Continuing The Drum’s belief that marketing can change the world, collaboratively with Dorset Mind, we held the second annual Do It Day | Bournemouth in 2018 to encourage the creative and marketing industries to make a real difference to improve mental health issues among kids. Here’s what happened.
When The Drum first launched Do It Day in 2015, it did so on the premise that it would help the marketing industry to step away from the high pace nature of the day-to-day in the industry and see what purposeful difference it could make in a single day to help further good causes.
The event gathered Bournemouth’s budding local ad community, including figures from Silicon South, The RHMC and Whistle agency, to respond to a brief that was set by mental health charity, Dorset Mind.
The brief:to offer a fresh perspective to under 18s who are at risk of mental health issues and suicide and encourage them to help themselves and each other more.
The campaigns need to support an already over-stretched health service, with prevention and early intervention at the forefront, with the solution being anything from a PR campaign, to a digital product, a comms strategy, workshop or a combination of all.
After working on the brief throughout the day, the four teams who took part presented their ideas to a panel of judges, which included Dee Swinton from Dorset Mind, Why Digital MD (Dan Willis) and Timo Peach, director of Momo Creative.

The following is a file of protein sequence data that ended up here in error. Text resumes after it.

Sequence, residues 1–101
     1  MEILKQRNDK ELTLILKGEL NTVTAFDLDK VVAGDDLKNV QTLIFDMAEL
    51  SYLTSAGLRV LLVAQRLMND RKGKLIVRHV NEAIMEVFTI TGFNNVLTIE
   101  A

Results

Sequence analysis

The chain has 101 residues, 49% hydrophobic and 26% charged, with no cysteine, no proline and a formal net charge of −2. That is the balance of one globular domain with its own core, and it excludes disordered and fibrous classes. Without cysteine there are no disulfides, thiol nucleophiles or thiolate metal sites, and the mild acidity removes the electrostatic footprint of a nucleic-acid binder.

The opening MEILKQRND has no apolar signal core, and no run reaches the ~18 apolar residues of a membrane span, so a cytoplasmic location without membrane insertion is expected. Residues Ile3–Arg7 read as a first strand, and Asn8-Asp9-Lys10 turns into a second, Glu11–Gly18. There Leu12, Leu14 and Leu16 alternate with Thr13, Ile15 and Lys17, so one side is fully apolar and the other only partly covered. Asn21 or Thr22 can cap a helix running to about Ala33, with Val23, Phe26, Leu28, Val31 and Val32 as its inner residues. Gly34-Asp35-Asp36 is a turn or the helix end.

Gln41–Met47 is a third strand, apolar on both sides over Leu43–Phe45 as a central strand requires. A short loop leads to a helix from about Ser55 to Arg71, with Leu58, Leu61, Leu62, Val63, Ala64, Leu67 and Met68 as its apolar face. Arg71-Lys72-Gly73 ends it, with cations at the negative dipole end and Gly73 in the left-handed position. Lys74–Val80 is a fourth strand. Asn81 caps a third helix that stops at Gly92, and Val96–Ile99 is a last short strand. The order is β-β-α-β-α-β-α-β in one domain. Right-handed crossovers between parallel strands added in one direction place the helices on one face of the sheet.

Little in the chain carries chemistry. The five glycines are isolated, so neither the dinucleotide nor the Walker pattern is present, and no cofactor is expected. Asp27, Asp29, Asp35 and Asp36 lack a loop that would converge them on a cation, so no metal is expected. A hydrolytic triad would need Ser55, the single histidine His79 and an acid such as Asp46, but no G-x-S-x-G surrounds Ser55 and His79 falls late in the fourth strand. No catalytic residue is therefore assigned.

The winning pitch came from ‘Team Four’ which offered a simple, yet effective way to empower kids to help themselves – by implementing mental health whiteboards across schools in the area, which would each week tackle a different area of the illness and channel kids towards solutions.
Inspired by the London underground signs, Team Four thought whiteboards in schools would encourage children to talk about mental health.
With an ingenious name ‘Notice the Signs’ they wanted to offer kids an end-to-end solution.
The whiteboard would have weekly targeted messaging, to direct kids to resources and assets that already exist, to help them deal with mental illness.
Recycling these already existing content would allow them to utilise them, rather than reinvent them.
Teachers would change the whiteboard according to information and resources they would provide, with each week the messaging would be tailored to cover a whole range of mental health issues.
Low maintenance, low cost, actionable and achievable – the public nature of the whiteboard in schools would encourage kids not to be afraid to talk about their problems.
A simple, clear winner.